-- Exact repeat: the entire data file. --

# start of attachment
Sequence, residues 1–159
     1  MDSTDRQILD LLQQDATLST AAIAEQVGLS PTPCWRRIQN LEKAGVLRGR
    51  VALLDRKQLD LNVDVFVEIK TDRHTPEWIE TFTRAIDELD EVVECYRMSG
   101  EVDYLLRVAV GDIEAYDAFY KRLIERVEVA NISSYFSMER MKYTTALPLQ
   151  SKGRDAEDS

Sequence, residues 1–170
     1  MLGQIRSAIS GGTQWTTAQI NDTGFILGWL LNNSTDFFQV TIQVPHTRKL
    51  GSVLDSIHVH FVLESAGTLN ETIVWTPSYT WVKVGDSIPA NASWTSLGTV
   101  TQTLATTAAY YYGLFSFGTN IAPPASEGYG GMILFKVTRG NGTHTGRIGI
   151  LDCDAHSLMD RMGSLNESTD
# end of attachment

Sequence, residues 1–159
     1  MDSTDRQILD LLQQDATLST AAIAEQVGLS PTPCWRRIQN LEKAGVLRGR
    51  VALLDRKQLD LNVDVFVEIK TDRHTPEWIE TFTRAIDELD EVVECYRMSG
   101  EVDYLLRVAV GDIEAYDAFY KRLIERVEVA NISSYFSMER MKYTTALPLQ
   151  SKGRDAEDS

Sequence, residues 1–170
     1  MLGQIRSAIS GGTQWTTAQI NDTGFILGWL LNNSTDFFQV TIQVPHTRKL
    51  GSVLDSIHVH FVLESAGTLN ETIVWTPSYT WVKVGDSIPA NASWTSLGTV
   101  TQTLATTAAY YYGLFSFGTN IAPPASEGYG GMILFKVTRG NGTHTGRIGI
   151  LDCDAHSLMD RMGSLNESTD